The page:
A driver drove a pickup truck at high speeds into a crowded Manhattan bike lane Tuesday, killing a total of eight and injuring eleven in the deadliest terror attack on New York City since 9/11.
Officials have said the truck, a white pickup, hit multiple pedestrians and bicyclists in a violent swerve down a bike path along the Hudson River before crashing into a school bus.
The truck left a path of violent destruction, leaving several victims strewn across the bike path, along with a trail of mangled bicycles.
After leaving his crashed pickup, the driver yelled, “Allahu Akbar,” the infamous Islamic phrase meaning, “God is great,” before brandishing a pellet and paintball gun. An officer then shot the driver in the abdomen, disabling him.
The driver, identified as Sayfullo Saipov by police, is an Uzbekistan national who legally immigrated to the United States in 2010. A 29-year-old man, Saipov has a wife and three kids. He was an Uber driver for the past few months.
Saipov has expressed enthusiasm and support of the Islamic State, going as far as requesting to hang its flag in his hospital room. Officials said Saipov claimed his attack was inspired by a video of the ISIS leader, Abu Bakr al-Baghdadi, giving a propagandist speech.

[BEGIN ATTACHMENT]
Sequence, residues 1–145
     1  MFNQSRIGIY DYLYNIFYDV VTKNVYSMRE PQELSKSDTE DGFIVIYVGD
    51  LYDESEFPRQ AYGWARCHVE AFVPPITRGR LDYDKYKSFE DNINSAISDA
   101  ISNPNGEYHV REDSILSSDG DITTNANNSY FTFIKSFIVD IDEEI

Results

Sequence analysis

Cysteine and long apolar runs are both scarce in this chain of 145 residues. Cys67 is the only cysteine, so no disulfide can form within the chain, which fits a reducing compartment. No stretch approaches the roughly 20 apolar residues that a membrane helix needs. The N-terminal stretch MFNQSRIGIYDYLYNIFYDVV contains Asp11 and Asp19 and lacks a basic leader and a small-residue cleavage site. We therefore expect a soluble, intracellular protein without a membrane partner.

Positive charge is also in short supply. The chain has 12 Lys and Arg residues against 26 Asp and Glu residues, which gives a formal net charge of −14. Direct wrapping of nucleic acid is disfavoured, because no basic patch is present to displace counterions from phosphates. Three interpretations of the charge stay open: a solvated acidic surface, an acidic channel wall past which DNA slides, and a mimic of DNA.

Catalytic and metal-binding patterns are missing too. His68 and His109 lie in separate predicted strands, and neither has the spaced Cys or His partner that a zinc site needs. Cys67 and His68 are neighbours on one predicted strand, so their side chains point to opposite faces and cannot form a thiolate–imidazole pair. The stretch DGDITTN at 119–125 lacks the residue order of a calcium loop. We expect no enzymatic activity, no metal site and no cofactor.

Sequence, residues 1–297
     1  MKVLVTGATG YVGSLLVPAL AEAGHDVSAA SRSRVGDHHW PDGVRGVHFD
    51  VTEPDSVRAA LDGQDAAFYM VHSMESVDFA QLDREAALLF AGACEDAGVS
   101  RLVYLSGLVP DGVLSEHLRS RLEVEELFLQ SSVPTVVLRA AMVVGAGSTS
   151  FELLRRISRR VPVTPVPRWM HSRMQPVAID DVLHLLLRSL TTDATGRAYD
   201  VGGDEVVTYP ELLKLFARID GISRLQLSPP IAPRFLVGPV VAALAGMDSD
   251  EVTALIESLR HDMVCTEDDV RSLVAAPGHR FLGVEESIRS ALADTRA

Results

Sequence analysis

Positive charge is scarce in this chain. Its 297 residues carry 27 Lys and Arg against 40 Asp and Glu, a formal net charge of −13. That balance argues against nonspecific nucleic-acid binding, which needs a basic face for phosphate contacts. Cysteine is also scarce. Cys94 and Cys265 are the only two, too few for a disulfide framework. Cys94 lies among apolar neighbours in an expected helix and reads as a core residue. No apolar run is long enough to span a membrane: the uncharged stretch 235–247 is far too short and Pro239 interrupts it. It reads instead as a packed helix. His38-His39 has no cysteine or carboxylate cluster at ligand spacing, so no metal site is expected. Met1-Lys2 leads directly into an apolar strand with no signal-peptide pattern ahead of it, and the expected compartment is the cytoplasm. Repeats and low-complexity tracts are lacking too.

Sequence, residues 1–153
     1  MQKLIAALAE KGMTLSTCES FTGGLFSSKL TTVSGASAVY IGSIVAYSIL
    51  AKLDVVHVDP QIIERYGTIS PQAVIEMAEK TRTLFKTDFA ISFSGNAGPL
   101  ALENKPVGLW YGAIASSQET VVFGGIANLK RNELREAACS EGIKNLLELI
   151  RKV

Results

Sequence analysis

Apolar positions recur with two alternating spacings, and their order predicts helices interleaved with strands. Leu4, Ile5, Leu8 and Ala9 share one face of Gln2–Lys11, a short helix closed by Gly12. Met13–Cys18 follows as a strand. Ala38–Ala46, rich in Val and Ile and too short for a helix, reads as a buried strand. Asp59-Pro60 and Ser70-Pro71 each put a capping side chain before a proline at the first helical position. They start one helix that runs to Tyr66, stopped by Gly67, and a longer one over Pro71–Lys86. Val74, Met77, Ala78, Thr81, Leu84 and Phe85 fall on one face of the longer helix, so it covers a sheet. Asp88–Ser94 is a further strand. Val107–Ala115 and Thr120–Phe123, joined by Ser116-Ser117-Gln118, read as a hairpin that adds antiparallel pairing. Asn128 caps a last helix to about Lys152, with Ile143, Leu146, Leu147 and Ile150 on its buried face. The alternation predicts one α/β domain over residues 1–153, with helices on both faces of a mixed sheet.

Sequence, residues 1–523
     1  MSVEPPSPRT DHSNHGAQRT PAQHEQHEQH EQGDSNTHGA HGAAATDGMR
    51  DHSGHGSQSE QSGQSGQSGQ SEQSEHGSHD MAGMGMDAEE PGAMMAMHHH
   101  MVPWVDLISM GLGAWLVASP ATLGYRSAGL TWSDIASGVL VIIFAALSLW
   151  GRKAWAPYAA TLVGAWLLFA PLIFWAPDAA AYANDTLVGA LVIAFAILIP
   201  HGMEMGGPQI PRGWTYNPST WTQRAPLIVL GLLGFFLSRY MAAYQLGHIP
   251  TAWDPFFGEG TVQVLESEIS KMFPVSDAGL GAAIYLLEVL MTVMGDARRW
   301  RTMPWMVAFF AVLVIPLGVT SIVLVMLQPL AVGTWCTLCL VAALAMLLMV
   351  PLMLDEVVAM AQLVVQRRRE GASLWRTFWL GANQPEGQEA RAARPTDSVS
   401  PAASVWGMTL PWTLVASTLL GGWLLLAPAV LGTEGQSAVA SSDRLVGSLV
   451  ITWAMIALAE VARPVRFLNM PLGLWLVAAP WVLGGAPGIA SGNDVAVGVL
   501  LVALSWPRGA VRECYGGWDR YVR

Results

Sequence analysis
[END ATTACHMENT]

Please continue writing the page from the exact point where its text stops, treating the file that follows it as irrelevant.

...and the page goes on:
The 8 victims consisted of 5 Argentinians on a high school anniversary celebration.
Authorities reported discovering handwritten notes inscribed in Arabic near the pickup, apparently signifying allegiance and credit to the ISIS, the notorious jihadist militant group in the Middle East.
Officials have said that Saipov had already a history with federal authorities before the attack.
The president of the United States, Donald Trump, has supported the death penalty for Saipov, tweeting, “NYC terrorist was happy as he asked to hang ISIS flag in his hospital room. He killed 8 people, badly injured 12. SHOULD GET DEATH PENALTY!”
The attack is yet another in a growing wave of fatal vehicular terror attacks across the world, the most recent example being an attack in Barcelona, where a van killed 14 people.